Viktor Frankl: the founder of logotherapy

From 1940 to 1942, Victor Frankl was a director of the Neurological Department of the Rothschild Hospital, and from 1946 to 1970 he was the director of Vienna Polyclinic of Neurology.

As the only member of his family to survive the Nazi concentration camps, he developed a theory that individuals can endure hardship and suffering through searching for meaning and purpose.

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How Logotherapy Can Help You Find Meaning in Life

verywellmind.com

"Logos" is Greek for meaning, and logotherapy is used to help patients find personal meaning in life.

Viktor Frankl believed humans are motivated by a desire to find meaning in life. He argued that even in the most miserable circumstances, life can have meaning. Viktor Frankl wrote one thing that can't be taken from a person is to choose one's attitude in any given set of circumstances.

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  • Each person has a healthy core.
  • The primary focus is to enlighten others to their own internal resources and supply the tools to use their inner core.
  • Life offers purpose and meaning. However, it does not promise fulfilment and happiness.

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One can discover meaning in life by doing the following:

  • Creating a work (like art) or doing a deed.
  • Experiencing something or encountering someone.
  • By the attitude that we take toward unavoidable suffering.

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  • Body, mind, and spirit. Viktor Frankl argued that we have a body and mind, but that the spirit is what we are.
  • Life has meaning in all circumstances, even in the most miserable situations.
  • Meaning is our primary motivation for living.
  • In all circumstances, individuals have the freedom to access the will and find meaning.
  • For decisions to be meaningful, the actions of daily life should match the individuals' conscience.
  • Individuals are unique and irreplaceable.

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  • Dereflection: Helping someone focus away from themselves and toward other people, so they spend less time being self-absorbed.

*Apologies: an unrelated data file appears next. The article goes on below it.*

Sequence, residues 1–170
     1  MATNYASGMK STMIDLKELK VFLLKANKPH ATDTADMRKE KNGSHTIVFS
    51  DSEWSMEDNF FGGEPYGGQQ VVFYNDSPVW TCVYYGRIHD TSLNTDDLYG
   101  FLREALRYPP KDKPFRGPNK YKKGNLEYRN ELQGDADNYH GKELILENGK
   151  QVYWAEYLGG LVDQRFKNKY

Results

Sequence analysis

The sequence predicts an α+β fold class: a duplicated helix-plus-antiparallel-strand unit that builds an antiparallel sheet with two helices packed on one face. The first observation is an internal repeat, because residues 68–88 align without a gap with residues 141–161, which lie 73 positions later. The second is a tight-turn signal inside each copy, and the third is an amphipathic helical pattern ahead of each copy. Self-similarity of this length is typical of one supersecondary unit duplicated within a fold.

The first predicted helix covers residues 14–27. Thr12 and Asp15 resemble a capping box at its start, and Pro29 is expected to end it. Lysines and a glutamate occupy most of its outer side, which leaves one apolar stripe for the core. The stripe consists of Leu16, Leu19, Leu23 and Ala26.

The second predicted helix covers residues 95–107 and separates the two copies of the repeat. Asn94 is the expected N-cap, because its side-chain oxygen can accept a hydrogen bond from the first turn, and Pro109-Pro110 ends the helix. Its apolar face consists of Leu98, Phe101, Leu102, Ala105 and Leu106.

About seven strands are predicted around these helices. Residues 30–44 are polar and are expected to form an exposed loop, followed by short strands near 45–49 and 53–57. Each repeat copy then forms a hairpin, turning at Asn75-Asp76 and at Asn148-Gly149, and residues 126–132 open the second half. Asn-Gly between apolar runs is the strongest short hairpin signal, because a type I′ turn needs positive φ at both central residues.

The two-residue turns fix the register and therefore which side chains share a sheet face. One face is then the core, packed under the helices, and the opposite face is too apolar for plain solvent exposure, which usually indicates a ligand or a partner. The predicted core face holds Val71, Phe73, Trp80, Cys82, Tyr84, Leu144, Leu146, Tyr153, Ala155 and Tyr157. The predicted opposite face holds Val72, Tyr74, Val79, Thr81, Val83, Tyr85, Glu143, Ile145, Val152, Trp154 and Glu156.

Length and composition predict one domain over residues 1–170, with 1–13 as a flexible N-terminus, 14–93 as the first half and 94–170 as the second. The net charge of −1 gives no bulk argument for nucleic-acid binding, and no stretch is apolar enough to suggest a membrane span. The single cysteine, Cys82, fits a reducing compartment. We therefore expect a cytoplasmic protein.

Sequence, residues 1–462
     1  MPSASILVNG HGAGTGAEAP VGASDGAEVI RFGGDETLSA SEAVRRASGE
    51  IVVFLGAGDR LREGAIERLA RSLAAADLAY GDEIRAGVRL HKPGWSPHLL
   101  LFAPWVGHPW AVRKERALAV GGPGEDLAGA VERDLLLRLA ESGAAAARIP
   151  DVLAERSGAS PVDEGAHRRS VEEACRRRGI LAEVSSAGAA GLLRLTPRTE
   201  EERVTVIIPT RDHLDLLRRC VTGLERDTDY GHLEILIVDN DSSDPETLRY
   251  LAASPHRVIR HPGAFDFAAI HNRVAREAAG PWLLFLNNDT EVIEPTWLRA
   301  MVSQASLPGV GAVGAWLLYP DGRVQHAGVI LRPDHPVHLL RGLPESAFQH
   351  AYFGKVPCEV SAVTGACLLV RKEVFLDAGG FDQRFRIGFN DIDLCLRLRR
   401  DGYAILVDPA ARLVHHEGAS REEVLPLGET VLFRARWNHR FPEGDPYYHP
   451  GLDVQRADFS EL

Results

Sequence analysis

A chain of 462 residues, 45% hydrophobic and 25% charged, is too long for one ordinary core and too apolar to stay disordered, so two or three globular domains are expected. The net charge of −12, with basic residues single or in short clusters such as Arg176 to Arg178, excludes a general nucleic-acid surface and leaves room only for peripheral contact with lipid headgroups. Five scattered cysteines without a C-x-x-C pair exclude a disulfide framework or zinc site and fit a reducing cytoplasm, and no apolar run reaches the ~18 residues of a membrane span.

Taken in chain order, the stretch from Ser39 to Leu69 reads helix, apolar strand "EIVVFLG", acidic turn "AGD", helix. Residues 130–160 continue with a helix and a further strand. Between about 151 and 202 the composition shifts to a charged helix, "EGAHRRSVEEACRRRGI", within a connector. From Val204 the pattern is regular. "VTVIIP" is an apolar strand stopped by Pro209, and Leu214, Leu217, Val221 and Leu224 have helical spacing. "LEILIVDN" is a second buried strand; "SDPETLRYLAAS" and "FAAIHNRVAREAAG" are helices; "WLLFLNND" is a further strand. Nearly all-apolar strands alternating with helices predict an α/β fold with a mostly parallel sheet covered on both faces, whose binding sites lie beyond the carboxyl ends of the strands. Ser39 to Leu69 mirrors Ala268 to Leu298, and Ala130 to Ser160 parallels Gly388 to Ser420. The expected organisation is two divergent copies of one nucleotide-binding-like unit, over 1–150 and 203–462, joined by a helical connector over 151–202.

• Paradoxical intention: This technique involves wishing for the thing that is feared most. For example, a person with a fear of looking foolish might be encouraged to look foolish on purpose.
  • Socratic dialogue: This tool is used to help a patient through self-discovery using his or her own words.

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In 1961, psychologist Rollo May, founder of the existential movement in the United States, argued that logotherapy was equivalent to authoritarianism, where the therapist dictates solutions to the patient.

It may be that logotherapy argues that there are always clear solutions to problems and that the therapist's task is to find these. But Viktor Frankl argued that logotherapy really educates the patient to take responsibility.

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  • Create something. It gives you a sense of purpose which adds meaning to your life.
  • Develop relationships. It will help you to develop a greater sense of meaning.
  • Find purpose in pain. If you are struggling through something bad, try to find purpose in it.
  • Understand that life is not fair, but it can always have meaning.
  • Freedom to find meaning. You are free to find meaning out of any life situation.
  • Focus on others to help you through feeling stuck in a situation.
  • Accept the worst. It lowers the power it has over you.

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